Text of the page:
Luna Park,by Simon Clancy, edits by Mary Gardiner

Great walks include the Bondi to Bronte walk mentioned above, the Glebe foreshore walk and the Harbour Bridge to Manly walk (or the Spit Bridge to Manly half depending on your walking distance and available time).

The water park Wet n Wild may be more of an acquired taste, but I keep wanting to take visitors there. You don’t need to be an especially strong swimmer but a love of rollercoasters might help.

Seasonal things to look out for include the yearly Sydney Festival and Vivid festivals in summer and winter respectively. Vivid includes large light installations around the harbour and other parts of the city. There’s Sculpture By the Sea exhibits on the Bondi to Bronte walk in spring. The film festival is in June and the comedy festival in April and May.

The Museum of Contemporary Art covered in a red snake pattern
Museum of Contemporary Art lit for Vivid by MD111, edits by Mary Gardiner, CC BY-SA. Light show inspired by Jess Johnson, artist unknown.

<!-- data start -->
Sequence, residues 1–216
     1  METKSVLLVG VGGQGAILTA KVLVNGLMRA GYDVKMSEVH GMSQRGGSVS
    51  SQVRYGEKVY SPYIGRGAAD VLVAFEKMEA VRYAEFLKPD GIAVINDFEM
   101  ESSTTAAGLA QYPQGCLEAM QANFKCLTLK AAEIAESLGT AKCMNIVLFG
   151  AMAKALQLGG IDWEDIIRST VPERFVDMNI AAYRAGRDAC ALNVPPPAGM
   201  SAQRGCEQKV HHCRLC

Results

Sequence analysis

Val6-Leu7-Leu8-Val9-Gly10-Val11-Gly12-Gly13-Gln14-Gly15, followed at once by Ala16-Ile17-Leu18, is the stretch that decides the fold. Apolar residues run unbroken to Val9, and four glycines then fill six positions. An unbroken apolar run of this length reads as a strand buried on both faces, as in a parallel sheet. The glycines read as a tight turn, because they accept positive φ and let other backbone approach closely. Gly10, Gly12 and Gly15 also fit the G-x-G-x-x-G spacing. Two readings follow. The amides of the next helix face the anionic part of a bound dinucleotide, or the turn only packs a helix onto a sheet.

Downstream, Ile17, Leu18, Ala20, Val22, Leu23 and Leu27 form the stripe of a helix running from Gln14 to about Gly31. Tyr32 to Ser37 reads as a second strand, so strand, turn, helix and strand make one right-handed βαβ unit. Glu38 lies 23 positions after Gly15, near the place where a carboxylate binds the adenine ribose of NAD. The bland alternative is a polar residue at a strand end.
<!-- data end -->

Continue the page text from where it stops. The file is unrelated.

Where to eat

Fine dining is often in flux, check recent restaurant reviews. The Boathouse at Glebe is the closest to a regular we have; it specialises in seafood. Cafe Sydney is my preferred place with a view.

For cafes and gastro pub-style eating, head to Surry Hills; bills is the best known cafe. Haymarket is the centre of Chinese food, and the other side of George Street has some great Thai places including Chat Thai.

If despite my protestations of ignorance someone insisted I choose the bar, for visitors I’d go with the Opera Bar on the lower level of the approach to the Opera House, or try out Blu Bar at the top of the Shangri-La if everyone was willing to primp for it. If your motivation is cocktails alone, the Different Drummer in Glebe is good.

Out of town

The Blue Mountains to the west are reachable as a day trip on public transport; head to Katoomba and to the Echo Point lookout.

Jervis Bay to the south is a good weekend away; you’ll likely want to drive. If you want to do some kayaking without having to deal with the boat traffic in Sydney Harbour this and several other places on the coast are good alternatives.

Image credits

Sydney by Nigel Howe.

Cockatoo Island, Sydney by Chris Marchant, cropped and colour adjusted by Mary Gardiner.

Coogee beach, Sydney pool by Tim Gillin, rotated, cropped and colour adjusted by Mary Gardiner.

Luna Park Sydney by Simon Clancy, cropped and colour adjusted by Mary Gardiner.

Vivid Sydney 2014 by MD111, rotated cropped and colour adjusted by Mary Gardiner, availabe as Creative Commons Attribution-Sharealike. The Museum of Contemporary Art light show in 2014 was inspired by artist Jess Johnson, but artist unknown and copyright presumably all rights reserved.